Reading the Mueller Report 7

By Suzann Thompson

Tampering with witnesses brings to mind intimidation or threats of violence. The Report On The Investigation Into Russian Interference In The 2016 Presidential Election, otherwise known as the Mueller Report, said tampering with witnesses can be friendly.

Like when Michael Flynn, Paul Manafort, and Michael Cohen were charged with various crimes in the Russia investigation, President Donald Trump encouraged them publicly and privately. He asked advisors to pass messages saying how much the President cared for them. He encouraged them to “stay strong.” Trump’s lawyer Rudy Giuliani told the New York Post that when the investigation was over, “things might get cleaned up with some presidential pardons.” Later Giuliani retracted the statement, but left the question of pardons open. (Vol. II, p. 124) The President talked and Tweeted about how unfair the prosecution was.

Trump was engaging in witness tampering, one of the ways to obstruct justice.

Responding to the Special Counsel’s Office’s investigation into President Trump’s obstructive behavior, Trump’s personal attorneys argued that a president’s constitutional duties are exempt from charges of obstruction of justice. They said firing the FBI Director and stopping Department of Justice investigations were among those protected duties.

In the final section of Volume II, the Special Counsel’s Office (SCO) explained obstruction of justice laws and how they relate to constitutional duties of the President, Congress, and the judicial system.

The SCO cited 18 U.S.C. 1512(c)(2). The number 18 means Title 18: Crimes and Criminal Procedure, and section 1512 is “Tampering with a witness, victim, or an informant.” Paragraph (c)(2) says: “Whoever corruptly—otherwise obstructs, influences, or impedes any official proceeding, or attempts to do so, shall be fined under this title or imprisoned not more than 20 years, or both.” (Vol. II, p. 160; or find the law online)

The words used in laws are so important that millions more words have been written to understand their meanings. For instance, “whoever” means anyone—no exceptions. The Mueller Report explained definitions and legal conclusions about the words “or,” “otherwise,” and “corruptly.”

The report quoted Supreme Court Justice Scalia, who said “the term ‘corruptly’ in criminal laws has a longstanding and well-accepted meaning. It denotes an act done with an intent to give some advantage inconsistent with official duty and the rights of others.” (Vol. II, p. 166)

The SCO’s conclusion was that “the President has no more right than other citizens to impede official proceedings by corruptly influencing witness testimony.” (Vol. II, p. 173)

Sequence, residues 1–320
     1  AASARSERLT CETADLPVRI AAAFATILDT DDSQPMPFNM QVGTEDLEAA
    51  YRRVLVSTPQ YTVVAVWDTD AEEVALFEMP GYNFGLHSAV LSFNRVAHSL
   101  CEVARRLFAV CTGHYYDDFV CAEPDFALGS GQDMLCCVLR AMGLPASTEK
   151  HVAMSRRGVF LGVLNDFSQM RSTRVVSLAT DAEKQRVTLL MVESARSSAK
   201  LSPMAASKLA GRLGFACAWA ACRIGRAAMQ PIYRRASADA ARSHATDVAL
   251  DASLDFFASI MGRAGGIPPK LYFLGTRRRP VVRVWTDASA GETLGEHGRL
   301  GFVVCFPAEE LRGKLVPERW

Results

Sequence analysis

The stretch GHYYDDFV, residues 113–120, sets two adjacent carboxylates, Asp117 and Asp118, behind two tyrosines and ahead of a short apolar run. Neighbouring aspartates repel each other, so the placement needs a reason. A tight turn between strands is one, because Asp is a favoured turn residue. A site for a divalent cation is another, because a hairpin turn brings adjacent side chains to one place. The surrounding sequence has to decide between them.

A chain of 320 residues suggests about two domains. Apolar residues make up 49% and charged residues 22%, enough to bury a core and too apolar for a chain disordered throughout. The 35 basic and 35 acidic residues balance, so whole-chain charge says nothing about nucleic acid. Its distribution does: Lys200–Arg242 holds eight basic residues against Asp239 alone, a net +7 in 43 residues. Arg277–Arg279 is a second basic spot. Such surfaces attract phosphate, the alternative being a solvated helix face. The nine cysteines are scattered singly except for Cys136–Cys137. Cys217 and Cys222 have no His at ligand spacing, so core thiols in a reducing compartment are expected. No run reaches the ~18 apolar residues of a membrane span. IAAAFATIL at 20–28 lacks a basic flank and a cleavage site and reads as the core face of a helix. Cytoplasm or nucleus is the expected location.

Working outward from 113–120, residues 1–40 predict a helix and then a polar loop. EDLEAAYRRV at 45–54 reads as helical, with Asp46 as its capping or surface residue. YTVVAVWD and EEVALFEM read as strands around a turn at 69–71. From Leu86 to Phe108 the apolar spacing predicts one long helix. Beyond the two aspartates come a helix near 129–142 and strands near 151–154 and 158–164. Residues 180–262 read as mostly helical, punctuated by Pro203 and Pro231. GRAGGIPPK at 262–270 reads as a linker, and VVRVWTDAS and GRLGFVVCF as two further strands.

Under Article I of the U. S. Constitution, Congress is authorized to create laws and apply them to everyone, including the President. Congress also has power to “protect the judiciary against obstructive acts.” (Vol. II, p. 176)

An opinion of the Office of Legal Counsel prevents the Department of Justice from bringing charges against a sitting president, so it falls to Congress to take action against a president who uses presidential powers corruptly to obstruct justice.

The SCO’s conclusion to Volume II bears repeating: “…if we had confidence after a thorough investigation of the facts that the President clearly did not commit obstruction of justice, we would so state. Based on the facts and the applicable legal standards, however, we are unable to reach that judgment. …while this report does not conclude that the President committed a crime, it also does not exonerate him.” (p. 182)

Finally, Appendix A reproduced Rod Rosenstein’s letter appointing the Special Counsel and defining the scope of the investigation; Appendix B helpfully listed people, organizations, and acronyms named in the report; and Appendix C showed the SCO’s questions for President Trump and the answers he wrote under oath.

The President gave few definitive answers: he did not remember, had no independent recollection, or did not recall many conversations or circumstances. He remembered saying in 2016, “Russia, if you’re listening, I hope you’re able to find the 30,000 emails that are missing.” He said he made the statement “in jest and sarcastically.” (Appendix C, p. C-18) Trump confirmed signing a letter of intent for a Trump Tower Moscow project, but wrote that conversations he had about the project were not memorable. (Appendix C, p. C-15)

Appendix D listed matters that arose from the Russia Investigation. Ten were transferred to the Department of Justice or the FBI for further investigation and/or prosecution. Fourteen matters were outside the scope of the Special Counsel’s remit, and were referred to other law enforcement groups. Information on 12 of those 14 matters was redacted. Finally, three cases were prosecuted by the Special Counsel’s Office.

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